.'With the NHS moving .towards a more transparent. market, top-down decisions. on the distribution of funds. must not become the norm.'
Last week, in the first of three issues examining Tony Blair's legacy to the NHS, primary care trust leaders took a bit of a battering.
And not for the first time. Acute trust colleagues accused them of incompetent commissioning and said they simply did not face the same level of blame as peers running provider trusts when things went wrong. This week, primary care trust colleagues have responded with equanimity, at least on the latter point, accepting that leaders of provider organisations are always likely to be more publicly associated with the highs - and lows - of running frontline services.
The risks running PCTs may be more subtle, they argue, but equally important. And they, more than anyone, are aware that the levers and controls they operate have not always been strong enough. But just whose fault is that?
This week, the new generation of primary care leaders come out fighting.
At the heart of it is analysis by the NHS Confederation's primary care network showing the extent to which the achievement of financial balance by year-end will rest on the top-slicing of PCT funds. Well over half of the PCTs recording a deficit at the end of quarter three were shown to have fallen into the red purely because of funds removed by their strategic health authority. Meanwhile, primary care leaders are furious about the damage and waste caused by repeated restructuring of their organisations.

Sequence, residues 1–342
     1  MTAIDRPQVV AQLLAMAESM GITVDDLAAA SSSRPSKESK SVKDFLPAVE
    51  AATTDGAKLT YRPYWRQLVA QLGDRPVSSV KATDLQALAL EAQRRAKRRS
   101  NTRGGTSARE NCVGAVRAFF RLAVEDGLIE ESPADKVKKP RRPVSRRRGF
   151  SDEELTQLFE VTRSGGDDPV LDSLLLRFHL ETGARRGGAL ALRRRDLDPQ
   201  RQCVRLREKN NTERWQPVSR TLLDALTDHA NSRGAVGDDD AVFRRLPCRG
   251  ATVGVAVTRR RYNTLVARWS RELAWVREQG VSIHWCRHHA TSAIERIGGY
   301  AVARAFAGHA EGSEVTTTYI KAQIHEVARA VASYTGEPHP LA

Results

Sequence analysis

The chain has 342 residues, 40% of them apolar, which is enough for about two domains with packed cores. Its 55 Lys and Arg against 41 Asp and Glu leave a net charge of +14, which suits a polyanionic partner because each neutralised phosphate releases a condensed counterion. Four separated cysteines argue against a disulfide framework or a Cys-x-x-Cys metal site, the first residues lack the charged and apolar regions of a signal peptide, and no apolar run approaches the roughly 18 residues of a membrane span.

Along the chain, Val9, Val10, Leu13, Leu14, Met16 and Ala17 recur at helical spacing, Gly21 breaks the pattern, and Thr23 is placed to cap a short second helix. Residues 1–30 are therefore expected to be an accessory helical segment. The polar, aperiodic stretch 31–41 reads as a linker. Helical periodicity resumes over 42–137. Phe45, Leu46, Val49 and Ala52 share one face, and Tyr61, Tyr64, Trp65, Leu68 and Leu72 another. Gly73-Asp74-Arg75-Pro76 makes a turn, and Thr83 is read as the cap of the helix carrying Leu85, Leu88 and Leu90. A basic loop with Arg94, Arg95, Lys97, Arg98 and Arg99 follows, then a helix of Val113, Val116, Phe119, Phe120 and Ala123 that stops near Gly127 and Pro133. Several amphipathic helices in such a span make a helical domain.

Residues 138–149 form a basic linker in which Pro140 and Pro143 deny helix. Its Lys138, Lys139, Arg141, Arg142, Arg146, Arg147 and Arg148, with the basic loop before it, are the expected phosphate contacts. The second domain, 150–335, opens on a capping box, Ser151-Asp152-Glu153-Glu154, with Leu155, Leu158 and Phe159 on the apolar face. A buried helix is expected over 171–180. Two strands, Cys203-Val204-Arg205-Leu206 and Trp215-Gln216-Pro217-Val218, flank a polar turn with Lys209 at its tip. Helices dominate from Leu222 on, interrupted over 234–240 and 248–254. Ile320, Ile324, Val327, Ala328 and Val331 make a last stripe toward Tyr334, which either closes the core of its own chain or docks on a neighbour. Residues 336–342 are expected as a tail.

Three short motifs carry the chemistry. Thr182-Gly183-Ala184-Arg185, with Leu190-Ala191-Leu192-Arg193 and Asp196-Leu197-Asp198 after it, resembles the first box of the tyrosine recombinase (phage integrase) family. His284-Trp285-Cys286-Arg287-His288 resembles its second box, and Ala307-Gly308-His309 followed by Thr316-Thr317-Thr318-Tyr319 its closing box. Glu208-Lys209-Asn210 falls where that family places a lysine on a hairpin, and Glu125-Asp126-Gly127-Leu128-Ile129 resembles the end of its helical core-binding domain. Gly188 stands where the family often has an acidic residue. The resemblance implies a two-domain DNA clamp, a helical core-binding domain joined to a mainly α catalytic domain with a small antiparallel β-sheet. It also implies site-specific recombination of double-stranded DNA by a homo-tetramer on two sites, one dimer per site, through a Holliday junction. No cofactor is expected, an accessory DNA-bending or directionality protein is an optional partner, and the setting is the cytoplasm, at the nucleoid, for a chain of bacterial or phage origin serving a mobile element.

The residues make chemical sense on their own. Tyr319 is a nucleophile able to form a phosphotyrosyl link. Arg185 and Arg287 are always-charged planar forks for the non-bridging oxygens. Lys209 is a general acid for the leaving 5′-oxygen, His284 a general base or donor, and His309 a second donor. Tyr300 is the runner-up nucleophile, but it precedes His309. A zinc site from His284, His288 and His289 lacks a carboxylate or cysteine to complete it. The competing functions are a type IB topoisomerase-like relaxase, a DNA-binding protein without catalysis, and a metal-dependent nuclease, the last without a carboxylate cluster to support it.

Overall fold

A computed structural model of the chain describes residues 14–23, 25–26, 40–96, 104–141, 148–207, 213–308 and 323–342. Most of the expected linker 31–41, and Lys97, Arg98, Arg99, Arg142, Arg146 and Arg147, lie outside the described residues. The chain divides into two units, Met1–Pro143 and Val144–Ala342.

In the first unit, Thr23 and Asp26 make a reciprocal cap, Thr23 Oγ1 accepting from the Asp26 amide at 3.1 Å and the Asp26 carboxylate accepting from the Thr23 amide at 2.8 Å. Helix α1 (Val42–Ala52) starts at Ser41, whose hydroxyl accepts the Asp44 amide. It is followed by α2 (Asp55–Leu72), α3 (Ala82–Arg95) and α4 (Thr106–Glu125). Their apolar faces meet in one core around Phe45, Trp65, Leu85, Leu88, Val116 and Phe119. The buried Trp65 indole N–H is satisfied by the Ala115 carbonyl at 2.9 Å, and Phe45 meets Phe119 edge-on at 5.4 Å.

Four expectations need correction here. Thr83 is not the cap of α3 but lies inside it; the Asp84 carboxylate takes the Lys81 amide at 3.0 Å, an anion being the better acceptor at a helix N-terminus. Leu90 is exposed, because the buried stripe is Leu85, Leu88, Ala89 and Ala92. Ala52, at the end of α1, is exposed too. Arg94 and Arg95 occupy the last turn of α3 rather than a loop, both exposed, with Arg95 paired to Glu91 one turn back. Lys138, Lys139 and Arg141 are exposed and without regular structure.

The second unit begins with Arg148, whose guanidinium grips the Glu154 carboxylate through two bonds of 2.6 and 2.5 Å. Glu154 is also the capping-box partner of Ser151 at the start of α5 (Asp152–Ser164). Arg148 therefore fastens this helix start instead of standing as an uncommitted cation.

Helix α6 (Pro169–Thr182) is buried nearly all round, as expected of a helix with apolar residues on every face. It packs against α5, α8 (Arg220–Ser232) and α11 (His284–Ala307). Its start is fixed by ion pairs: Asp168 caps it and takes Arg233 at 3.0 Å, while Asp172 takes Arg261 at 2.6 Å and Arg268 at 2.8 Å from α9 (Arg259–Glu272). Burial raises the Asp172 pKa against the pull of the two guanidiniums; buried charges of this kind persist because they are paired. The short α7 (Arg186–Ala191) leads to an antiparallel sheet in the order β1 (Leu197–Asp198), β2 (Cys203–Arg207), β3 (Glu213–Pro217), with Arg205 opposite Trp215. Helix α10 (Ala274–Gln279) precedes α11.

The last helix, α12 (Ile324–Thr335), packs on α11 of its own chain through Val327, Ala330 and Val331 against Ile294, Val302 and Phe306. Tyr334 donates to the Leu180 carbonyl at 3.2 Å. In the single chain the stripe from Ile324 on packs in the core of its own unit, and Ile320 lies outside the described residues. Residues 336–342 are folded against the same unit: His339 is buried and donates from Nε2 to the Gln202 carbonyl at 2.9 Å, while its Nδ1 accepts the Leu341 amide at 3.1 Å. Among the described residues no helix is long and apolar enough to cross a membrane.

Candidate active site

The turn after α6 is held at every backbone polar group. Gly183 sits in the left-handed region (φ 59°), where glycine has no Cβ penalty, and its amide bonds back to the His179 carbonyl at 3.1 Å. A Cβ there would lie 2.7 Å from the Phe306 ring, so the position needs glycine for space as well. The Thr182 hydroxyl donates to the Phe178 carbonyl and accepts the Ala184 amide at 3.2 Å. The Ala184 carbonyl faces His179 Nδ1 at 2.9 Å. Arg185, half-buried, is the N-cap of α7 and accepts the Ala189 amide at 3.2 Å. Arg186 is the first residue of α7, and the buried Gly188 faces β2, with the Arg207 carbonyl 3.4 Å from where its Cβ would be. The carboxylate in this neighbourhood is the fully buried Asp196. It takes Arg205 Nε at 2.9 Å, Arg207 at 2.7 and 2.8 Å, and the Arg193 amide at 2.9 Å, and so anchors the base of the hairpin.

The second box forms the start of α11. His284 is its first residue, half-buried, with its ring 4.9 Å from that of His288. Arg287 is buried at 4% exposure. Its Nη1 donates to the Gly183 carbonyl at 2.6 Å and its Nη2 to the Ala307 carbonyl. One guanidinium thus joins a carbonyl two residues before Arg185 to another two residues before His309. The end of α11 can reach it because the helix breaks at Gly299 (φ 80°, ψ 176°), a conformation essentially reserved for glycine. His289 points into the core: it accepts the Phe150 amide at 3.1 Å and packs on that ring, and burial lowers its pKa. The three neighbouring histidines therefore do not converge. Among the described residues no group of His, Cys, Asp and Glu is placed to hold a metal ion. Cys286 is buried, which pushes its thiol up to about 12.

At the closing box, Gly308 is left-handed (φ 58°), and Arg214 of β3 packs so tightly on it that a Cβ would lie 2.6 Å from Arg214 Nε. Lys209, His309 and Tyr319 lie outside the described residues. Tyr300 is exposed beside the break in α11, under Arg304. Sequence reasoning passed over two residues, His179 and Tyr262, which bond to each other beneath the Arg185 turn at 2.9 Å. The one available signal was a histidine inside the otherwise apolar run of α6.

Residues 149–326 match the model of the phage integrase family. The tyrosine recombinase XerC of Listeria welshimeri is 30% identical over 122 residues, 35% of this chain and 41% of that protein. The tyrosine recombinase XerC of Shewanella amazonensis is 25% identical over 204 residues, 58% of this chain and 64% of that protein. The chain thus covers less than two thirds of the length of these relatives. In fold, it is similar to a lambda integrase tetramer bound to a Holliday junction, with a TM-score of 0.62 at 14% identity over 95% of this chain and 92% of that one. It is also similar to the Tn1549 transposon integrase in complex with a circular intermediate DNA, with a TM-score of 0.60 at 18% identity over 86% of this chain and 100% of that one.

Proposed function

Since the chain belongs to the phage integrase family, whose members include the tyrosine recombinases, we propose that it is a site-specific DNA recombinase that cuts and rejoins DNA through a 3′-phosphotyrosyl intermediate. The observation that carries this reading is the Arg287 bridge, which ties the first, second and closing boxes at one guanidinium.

As demonstrations around the country last weekend show, this has been a difficult year for the service. For public confidence in the NHS to be restored, financial balance is important: sometimes this requires sacrifices from different parts of the system for the greater good.
But at a time when the NHS is supposed to be moving towards a more transparent market, with brokerage a thing of the past, top-down decisions on the distribution of funds must not become the norm.
If ministers want to win increased confidence from managers, an end to financial fudges such as top-slicing and resource accounting and budgeting will be key to securing it.